Cannabidiol (CBD), which has both anti-inflammatory and analgesic effects, may help reduce the frequency and severity of seizures experienced by persons with epilepsy. Yücel et al. (2019) examined the likelihood of CBD to help curb the cravings that are connected with substance abuse.
Despite the significant amount of study done in this field, the precise mechanism of CBD is not yet completely understood. De Almeida & Devi (2020) discovered that CBD suppresses the endocannabinoid system, which is comprised of receptors in the brain and throughout the body. Suphioglu et al. (2020) said that CBD is known to bind to receptors in the brain. The endocannabinoid system is responsible for various processes, including regulating mood, appetite, memory, and the sense of pain. CBD binds to serotonin and adenosine receptors, which affect how we experience pain and how inflammation manifests itself in the body. CBD, in contrast to THC, does not bind to the CB1 or CB2 receptors in the brain. This means that even though CBD operates similarly to how a drug would, it does not result in the same "high" state that is commonly associated with drug usage.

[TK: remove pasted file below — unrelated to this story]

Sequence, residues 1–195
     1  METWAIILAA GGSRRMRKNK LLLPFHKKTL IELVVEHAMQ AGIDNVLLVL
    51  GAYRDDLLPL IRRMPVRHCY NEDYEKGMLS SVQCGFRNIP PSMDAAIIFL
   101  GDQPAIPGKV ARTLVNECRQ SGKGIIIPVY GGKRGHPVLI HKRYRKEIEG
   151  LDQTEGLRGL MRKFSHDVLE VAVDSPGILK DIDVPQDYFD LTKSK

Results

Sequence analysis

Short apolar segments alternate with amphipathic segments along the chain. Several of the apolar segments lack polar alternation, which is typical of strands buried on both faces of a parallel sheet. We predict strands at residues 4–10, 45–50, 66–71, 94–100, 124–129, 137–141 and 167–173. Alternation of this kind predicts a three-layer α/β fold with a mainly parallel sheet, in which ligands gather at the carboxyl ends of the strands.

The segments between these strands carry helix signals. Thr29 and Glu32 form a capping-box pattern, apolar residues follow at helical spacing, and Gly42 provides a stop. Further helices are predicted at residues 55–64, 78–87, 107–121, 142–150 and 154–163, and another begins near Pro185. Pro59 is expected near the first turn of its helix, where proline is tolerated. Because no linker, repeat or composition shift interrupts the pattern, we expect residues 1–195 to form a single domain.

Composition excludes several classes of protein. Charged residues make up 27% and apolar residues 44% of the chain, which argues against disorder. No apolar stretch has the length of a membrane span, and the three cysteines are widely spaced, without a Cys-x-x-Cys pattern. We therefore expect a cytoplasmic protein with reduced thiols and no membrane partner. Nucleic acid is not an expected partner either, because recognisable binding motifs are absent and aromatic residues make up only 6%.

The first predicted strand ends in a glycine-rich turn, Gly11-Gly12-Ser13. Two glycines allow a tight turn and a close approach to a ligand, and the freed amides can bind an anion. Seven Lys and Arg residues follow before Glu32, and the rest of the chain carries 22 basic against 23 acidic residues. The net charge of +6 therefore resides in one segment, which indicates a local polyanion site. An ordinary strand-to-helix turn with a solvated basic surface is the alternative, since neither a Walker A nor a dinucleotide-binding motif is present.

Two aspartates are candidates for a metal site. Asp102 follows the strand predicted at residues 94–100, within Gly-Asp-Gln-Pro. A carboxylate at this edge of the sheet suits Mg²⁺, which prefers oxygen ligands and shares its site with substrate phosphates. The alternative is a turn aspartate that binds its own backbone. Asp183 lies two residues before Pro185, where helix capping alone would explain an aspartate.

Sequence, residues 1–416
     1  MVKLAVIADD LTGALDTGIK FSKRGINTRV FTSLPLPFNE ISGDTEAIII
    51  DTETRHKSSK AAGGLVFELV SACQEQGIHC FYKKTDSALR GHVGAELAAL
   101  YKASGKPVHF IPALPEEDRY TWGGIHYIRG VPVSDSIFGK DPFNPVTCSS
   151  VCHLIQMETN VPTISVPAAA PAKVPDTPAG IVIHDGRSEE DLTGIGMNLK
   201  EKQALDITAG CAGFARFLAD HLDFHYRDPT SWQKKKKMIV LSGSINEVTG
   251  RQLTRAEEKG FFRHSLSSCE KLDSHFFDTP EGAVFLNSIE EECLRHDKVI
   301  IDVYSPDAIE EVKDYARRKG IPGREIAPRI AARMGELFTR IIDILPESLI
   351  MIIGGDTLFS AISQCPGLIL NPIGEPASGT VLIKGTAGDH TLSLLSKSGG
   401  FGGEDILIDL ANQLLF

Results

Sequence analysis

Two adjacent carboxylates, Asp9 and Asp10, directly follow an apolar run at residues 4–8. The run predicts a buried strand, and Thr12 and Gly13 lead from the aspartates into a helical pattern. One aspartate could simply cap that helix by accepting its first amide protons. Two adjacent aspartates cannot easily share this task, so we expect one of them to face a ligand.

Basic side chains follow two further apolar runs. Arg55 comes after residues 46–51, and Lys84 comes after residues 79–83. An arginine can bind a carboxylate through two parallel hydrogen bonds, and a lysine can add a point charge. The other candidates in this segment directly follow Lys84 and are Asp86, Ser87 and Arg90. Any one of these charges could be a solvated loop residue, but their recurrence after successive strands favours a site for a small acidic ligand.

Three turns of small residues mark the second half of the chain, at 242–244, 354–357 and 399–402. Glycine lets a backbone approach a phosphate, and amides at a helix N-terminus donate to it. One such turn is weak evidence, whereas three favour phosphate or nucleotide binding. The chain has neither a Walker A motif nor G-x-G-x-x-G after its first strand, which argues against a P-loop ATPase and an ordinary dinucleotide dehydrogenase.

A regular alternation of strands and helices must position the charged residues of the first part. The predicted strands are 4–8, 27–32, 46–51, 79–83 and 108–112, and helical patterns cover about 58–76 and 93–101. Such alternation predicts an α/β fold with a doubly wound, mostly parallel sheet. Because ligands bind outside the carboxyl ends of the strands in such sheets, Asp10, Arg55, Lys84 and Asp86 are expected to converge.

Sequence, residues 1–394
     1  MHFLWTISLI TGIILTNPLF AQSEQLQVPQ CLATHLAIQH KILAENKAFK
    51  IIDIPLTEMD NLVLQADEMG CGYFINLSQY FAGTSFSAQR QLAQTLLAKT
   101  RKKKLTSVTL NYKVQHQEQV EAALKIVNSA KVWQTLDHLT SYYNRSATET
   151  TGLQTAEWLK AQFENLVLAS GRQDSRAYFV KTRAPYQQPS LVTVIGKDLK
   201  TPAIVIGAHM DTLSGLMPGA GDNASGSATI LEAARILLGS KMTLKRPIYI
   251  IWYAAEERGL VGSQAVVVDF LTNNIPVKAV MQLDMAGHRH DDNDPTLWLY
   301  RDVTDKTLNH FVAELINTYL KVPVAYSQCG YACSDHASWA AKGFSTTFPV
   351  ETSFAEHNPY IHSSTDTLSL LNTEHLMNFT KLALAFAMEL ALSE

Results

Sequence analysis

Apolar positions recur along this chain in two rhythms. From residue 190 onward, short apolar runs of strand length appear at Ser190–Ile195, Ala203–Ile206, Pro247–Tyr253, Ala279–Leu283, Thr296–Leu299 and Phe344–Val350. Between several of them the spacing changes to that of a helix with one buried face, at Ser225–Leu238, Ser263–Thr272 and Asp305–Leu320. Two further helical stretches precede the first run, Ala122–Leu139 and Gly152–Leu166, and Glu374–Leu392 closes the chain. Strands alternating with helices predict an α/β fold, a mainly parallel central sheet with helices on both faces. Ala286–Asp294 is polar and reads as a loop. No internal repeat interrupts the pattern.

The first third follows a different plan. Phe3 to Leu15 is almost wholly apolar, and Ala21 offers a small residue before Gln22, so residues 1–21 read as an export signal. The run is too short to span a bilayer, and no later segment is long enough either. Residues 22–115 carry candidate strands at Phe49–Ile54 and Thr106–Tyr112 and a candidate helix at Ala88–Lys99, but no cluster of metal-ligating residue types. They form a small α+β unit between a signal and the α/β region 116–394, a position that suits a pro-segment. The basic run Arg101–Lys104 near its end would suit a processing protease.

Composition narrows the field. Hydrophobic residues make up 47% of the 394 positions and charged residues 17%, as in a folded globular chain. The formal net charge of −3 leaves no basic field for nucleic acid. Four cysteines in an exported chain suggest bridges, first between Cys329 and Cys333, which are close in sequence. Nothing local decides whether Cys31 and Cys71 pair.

Danciu (2019) noted that CBD has been getting a lot of attention as of late due to the possibility that it can treat addiction to substances like alcohol and drugs. Salsitz et al. (2019) found that the potential of CBD in terms of its significance in the prevention of relapse in drug use is the primary focus of the research in this field. CBD helps lower anxiety and tension related to drug cues and influences antidepressant activity. This allows CBD to target risk states associated with relapse to drug use. CBD affects the neural circuitry in the brain that is responsible for drug craving and seeking behaviors brought on by the presence of drug-related circumstances or stress.